AAA research into the consequences of drowsy driving
Indiana residents who routinely get less than seven hours of sleep each night may be alarmed by the contents of a report from the AAA Foundation for Traffic Safety. Published on Dec. 6, it deals with the link between driver fatigue and traffic accident rates, and it indicates that motorists who sleep only four or five hours during the 24 hours prior to getting behind the wheel crash about four times as often as fully-rested drivers.
Several studies have come to the conclusion that drowsy driving a can be just as dangerous as driving while under the influence, and the AAA researchers found that even an hour or two of extra sleep can make driving far safer. According to the AAA report, motorists who slept for five or six hours before driving only crashed about twice as often as rested drivers.
The research is important because about one-third of Americans say that they sleep for less than seven hours each night. In addition to higher traffic accident rates, fatigue has been linked with weight gain and mental issues like depression. Individuals who wish to lower their chances of being involved in a drowsy driving accident are advised to take naps before driving to make up for lost sleep.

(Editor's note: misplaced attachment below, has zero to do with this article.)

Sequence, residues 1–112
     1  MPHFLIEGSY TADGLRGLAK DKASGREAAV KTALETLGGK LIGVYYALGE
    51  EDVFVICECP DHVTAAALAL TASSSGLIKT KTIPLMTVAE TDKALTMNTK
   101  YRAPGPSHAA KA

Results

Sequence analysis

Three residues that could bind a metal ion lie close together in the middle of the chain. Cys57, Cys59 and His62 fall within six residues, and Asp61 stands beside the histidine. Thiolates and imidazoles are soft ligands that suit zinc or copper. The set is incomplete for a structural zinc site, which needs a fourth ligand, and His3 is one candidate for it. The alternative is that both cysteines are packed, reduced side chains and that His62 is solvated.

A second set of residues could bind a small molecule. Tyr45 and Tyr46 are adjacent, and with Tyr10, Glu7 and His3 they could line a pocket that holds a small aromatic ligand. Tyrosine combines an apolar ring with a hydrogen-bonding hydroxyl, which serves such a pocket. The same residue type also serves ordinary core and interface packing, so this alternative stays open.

Pursuing civil remedies on behalf of those injured in fatigued driving accidents can be challenging for personal injury attorneys. The shock of a collision often rouses even the drowsiest drivers, and accident investigators may not always be able to pinpoint fatigue as the cause. When brakes are not applied prior to a crash and distraction or fatigue seem likely, attorneys may study police reports, witness statements, cellphone records and vehicle black box data prior to filing lawsuits on behalf of accident victims.